How would someone go about serializing C-style structs independent of the CPU endianness?

I've searched for solutions, but I was hoping for a more general solution to the problem rather than changing the byte-order of each field in the struct.

2 Answers 2


There's no general solution to this problem within the language (or common system libraries).

(There might be scripts/tools that could autogen the read/write code for you, or libraries that could add a sort of "reflection" to your structs, but I don't have references for you.)

Bonus info that should be in any good answer to this question: In addition to endianness, make sure you use compiler directives to lock in the packing of the struct in memory to byte-aligned (which is normal for network packets) instead of the natural alignment of the struct fields.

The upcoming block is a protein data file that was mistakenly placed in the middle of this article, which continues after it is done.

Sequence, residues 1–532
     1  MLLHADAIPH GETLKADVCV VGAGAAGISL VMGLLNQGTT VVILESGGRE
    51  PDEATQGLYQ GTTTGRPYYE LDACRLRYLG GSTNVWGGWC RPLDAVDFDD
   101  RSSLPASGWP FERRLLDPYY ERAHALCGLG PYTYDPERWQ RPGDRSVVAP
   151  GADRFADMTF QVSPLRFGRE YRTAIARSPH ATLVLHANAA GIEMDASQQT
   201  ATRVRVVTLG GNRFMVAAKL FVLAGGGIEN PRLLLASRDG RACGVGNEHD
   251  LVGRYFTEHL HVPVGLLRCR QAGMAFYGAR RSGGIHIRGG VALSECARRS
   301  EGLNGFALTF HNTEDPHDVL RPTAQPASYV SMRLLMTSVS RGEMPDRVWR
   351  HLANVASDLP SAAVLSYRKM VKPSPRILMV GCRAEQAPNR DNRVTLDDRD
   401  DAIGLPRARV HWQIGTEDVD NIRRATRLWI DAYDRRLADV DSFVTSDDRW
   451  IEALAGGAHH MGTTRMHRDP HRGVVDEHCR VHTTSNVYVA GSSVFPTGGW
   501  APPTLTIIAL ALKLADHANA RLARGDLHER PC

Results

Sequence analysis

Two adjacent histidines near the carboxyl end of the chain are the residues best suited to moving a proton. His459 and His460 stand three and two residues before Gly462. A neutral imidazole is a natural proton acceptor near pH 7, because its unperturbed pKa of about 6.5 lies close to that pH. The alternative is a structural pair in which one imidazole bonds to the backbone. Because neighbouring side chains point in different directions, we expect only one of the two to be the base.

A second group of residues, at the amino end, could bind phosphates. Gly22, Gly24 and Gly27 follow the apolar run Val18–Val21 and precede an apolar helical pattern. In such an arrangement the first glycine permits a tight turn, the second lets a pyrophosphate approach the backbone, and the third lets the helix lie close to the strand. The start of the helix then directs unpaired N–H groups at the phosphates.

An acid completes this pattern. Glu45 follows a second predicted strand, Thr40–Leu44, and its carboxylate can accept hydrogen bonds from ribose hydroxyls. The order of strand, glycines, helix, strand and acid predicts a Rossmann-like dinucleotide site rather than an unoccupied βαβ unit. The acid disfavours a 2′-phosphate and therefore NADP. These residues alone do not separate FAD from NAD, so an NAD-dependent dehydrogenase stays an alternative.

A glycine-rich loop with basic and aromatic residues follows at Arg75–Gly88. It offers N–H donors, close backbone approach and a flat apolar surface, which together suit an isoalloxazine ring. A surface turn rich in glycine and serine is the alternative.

If you want a binary stream, then you do have to deal with the associated problems including endianness. For the sake of presenting an alternative, you can create a human-readable/ASCII representation of fields - that tends to avoid many of the pitfalls but is often more verbose and less performant. Either way, it's a bit of a pain to create the functions when there are lots of struct/fields. You can consider code generation using a support script, even driving that off metadata from GCC-XML, Open-C++ (if your C code is a legal C++ program too) or similar....

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